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» VIEW ALL POSTS Apr 1 2009   10:27PM GMT

Application performance testing issues: Cloud, virtual labs, scale-up



Posted by: Jan Stafford
Tags:
application performance
Cloud computing
software development
Software testing
Virtualization

Application performance testing used to be a standalone process, but the emergence of dynamic, complex mission-critical applications, virtualization and cloud computing calls for putting it into a larger practice, Mark Kremer, CEO of Precise Software Solutions of Redwood Shores, Calif., told me recently. In our discussion, he offered some advice about how to handle new challenges facing those who must ensure top application performance.

I asked Kremer what complications porting apps to the cloud add to application performance testing and management. He replied that the dynamic nature of development in the cloud means that application performance must be monitored constantly.

“In physical environments, application performance management assumes quasi-static resource configurations; the computing power, network bandwidth, memory pools, and system overhead are invariable over time or at least until the next configuration upgrade,” Kremer said. “Under these assumptions, time measurements are consistent as they were measured under the same terms. Once an application is run on a cloud, its configuration may change from one invocation to another, or even within the same run, as processes may be transparently moved around the cloud. This phenomenon of ever-changing resources makes time measurements inconsistent as they have been taken under a different condition. Correcting, or normalizing time measurements to a standard scale is conditional to self referencing performance monitoring, and is a daunting challenge to model and implement.”

(For more info on software testing and cloud computing, check out my interview with Eugene Ciurana, director of systems infrastructure at LeapFrog Enterprises, a large U.S. educational toy company.)

The dynamic nature of virtualized environments also requires changes in how application performance is monitored and testing, Kremer said. The development/testing team should keep an internal application clock — app time, if you will — that is invariant to the underlying hardware. He explained:

“For example, a transaction will spend the same time measured by the application clock in a Java method regardless of the power of CPUs used in each invocation,” he said. “As application performance management evolves to include this concept, developers building applications for virtual or more commonly mixed mode — virtual and physical — can get around the semantics of time in virtual environments.”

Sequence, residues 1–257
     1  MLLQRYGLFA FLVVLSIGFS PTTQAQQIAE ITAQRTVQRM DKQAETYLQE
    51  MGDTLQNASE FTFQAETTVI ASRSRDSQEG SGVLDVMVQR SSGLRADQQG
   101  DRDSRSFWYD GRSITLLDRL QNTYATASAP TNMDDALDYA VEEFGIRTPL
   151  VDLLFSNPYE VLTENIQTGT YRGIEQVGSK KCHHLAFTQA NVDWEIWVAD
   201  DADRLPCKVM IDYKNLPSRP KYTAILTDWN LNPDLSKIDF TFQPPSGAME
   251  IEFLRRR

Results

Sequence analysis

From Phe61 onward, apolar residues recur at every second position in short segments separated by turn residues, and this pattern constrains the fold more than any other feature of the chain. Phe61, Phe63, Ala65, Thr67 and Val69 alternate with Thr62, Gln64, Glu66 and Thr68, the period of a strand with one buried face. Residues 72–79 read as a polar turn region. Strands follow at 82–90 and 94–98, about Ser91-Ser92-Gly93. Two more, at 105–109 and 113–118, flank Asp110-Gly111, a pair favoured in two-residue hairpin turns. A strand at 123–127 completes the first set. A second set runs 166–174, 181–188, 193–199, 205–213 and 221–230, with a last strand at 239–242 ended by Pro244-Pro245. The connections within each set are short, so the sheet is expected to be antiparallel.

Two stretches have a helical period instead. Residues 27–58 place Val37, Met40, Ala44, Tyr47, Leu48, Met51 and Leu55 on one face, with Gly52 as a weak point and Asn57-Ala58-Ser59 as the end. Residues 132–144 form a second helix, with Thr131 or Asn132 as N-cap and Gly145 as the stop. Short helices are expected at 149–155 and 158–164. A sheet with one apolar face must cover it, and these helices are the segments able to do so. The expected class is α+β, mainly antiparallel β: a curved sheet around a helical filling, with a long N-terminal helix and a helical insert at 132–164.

Talking about application performance in general, Kremer stressed that testing can’t just take place in a lab, because it’s so hard to replicate real production environments there. Even if the production environment can be created in a lab, often performance still changes when apps are placed on a real, dynamic production line.

“This dynamic manner of problem resolution analyzes the data that causes performance-loss by tracking spikes in user behavior, patterns in data accumulations, and changes to the systems configurations,” Kremer said. “Application performance testing relies more on static test models which makes it tough to replicate real-world production environments.”

I asked Kremer how scale-up changes what must be tested to ensure stellar application performance. In response, he said that when applications scale up, performance testing must change from being input oriented – focusing on test patterns, synthetic transactions, etc. — to being throughput oriented, where the focus is on transaction monitoring, performance base lining and so on.

“As systems scale up, their performance testing paradigm shifts from predefined synthetic tests to monitoring and self-reference,” Kremer added. “For optimal results, IT needs to identify the top, say 20, transactions of the system, constantly monitor their performance, their component’s performance, and the time allocations of various tiers in the system. Then it must self reference these measurements hour-to-hour, day-to-day, season-to-season…to detect performance degradation, offending transaction components or performance hot-spots.”

That’s all from my interview with Mark Kremer. SearchSoftwareQuality.com news writer Colleen Frye is covering application performance topics, so watch for more articles in the news section. Here’s a sampling: CareGroup solves application performance issues with APM tool and Don’t let poor website performance ruin e-commerce sales.

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